The celebrated Dean Swift calls discretion an Aldermanly virtue.3 With all his great and estimable qualities he possessed very little of it himself; and thus was disposed to turn it into derision. But his own experience should have taught him, that if not a splendid it is at least a very useful virtue, and ought on that account to be cultivated and cherished.
Sayings of ⟨this⟩ kind by distinguished men are extremely dangerous. They ought not to be hazarded even in jest, from their tendency to mislead the young and inexperienced. A youthful mind, especially if generous and ardent, finding a character4
the most useful
qualities a man can possess. It will dispose him to conduct himself with circumspection and enable him to avoid many errors. ⟨It⟩ will assist him in making the most ⟨of⟩ whatever talents and qualifications he may have, and often will cause him to pass for a great deal more than he is worth. A prudent silence will frequently be taken for wisdom, and a sentence or two cautiously thrown in will sometimes gain the palm of knowlege—while a man well informed but indiscreet and unreserved will not uncommonly talk himself out of all consideration and weight.
The want of discretion is apt to be considered as an indication of folly. The greatest abilities are sometimes thrown into the shade by this defect or are prevented from obtaining the success to which they are intitled. The person on whom it is chargeable ⟨is⟩ also apt to make and have numerous enemies and is occasionally involved by it, in the most ⟨– – difficu⟩lties and dangers.
⟨–⟩ with moderate talents have arrived5
⟨Instead⟩ therefore of adopting the sentiment of the celebrated Wit to whom I have alluded—let us rather establish it as a general rule, that Discretion is the Mentor which ought to accompany every Young Telemachus6 in his journey through life; And taking care not to assume a character artificial disguised and covert, let us study ⟨in⟩ all our discourses and actions to be circumspect and discreet.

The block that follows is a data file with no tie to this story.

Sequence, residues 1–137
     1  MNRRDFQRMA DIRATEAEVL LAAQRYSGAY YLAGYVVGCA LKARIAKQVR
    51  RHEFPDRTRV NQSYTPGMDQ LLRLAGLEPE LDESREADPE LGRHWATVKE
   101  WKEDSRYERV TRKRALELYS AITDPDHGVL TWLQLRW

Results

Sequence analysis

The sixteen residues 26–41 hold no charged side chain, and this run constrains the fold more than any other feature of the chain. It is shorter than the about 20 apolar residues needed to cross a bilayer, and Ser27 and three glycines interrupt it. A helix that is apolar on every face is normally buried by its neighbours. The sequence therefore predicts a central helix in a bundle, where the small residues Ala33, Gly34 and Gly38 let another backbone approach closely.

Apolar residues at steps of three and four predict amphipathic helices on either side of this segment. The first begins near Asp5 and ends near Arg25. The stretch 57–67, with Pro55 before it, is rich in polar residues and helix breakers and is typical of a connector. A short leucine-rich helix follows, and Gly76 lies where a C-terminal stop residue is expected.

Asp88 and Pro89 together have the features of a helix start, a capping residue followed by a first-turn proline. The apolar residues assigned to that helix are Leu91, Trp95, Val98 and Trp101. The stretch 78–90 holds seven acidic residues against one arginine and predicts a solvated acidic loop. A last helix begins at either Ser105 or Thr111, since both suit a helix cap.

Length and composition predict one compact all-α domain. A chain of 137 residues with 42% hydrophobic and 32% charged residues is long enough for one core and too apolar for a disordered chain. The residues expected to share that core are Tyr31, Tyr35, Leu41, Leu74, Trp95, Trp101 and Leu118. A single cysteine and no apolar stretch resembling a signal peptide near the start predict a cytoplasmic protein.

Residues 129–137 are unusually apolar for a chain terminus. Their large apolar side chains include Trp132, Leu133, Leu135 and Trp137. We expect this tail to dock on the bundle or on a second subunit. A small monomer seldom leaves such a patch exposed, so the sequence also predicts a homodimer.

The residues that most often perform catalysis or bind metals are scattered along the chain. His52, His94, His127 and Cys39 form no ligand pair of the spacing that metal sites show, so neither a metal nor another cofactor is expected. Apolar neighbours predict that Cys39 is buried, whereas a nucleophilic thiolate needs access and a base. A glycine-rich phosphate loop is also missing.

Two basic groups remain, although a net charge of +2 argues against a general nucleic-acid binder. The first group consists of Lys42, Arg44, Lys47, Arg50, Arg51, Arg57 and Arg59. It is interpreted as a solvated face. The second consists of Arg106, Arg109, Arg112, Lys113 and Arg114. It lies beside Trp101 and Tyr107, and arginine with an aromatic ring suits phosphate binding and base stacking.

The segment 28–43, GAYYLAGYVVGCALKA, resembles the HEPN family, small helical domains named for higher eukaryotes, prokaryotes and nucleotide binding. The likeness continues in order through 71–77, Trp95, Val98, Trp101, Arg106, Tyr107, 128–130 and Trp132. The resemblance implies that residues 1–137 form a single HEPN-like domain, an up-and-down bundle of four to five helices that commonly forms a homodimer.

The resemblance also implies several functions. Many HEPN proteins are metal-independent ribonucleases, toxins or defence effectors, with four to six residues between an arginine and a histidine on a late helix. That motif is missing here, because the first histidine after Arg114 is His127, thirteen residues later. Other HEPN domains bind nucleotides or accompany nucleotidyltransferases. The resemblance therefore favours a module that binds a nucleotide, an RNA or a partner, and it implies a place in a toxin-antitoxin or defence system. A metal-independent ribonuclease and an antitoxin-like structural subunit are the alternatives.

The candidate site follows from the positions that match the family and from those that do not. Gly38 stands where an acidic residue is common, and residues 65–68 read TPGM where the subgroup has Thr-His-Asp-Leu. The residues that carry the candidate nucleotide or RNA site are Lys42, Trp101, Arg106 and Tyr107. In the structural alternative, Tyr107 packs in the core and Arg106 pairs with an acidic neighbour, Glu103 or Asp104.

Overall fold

2. AD, MS Division, New York Public Library.
3. H is apparently referring to the following passage in Jonathan Swift’s “The Intelligencer,” Numbers V and VII: “There is no Talent so useful towards rising in the World, or which puts Men more out of the Reach of Fortune, than that Quality generally possessed by the dullest Sort of People, in common Speech called Discretion; a Species of lower Prudence, by the Assistance of which, People of the meanest Intellectuals, without any other Qualification, pass through the World in great Tranquility, and with universal good Treatment, neither giving nor taking Offence.…
“Men of eminent Parts and Abilities, as well as Virtues, do sometimes rise in Courts, sometimes in the Law, and sometimes even in the Church.… But … many more, under different Princes, and in different Kingdoms, were disgraced, or banished, or suffered Death, merely in Envy to their Virtues and superior Genius, which emboldened them to great Exigencies and Distresses of State, (wanting a reasonable Infusion of this Aldermanly Discretion) to attempt the Service of their Prince and Country, out of the common Forms.” (Herbert Davis, ed., The Prose Works of Jonathan Swift: Irish Tracts 1728–1733 [Oxford, 1955], XII, 38–39.)
4. At this point the center of the MS containing ten lines that H wrote is badly damaged and illegible.
5. At this point in the MS the center of five lines that H wrote is illegible.
6. Telemachus, the son of Odysseus and Penelope, protected his mother during his father’s extended absence. When Odysseus returned, Telemachus helped him to kill Penelope’s suitors.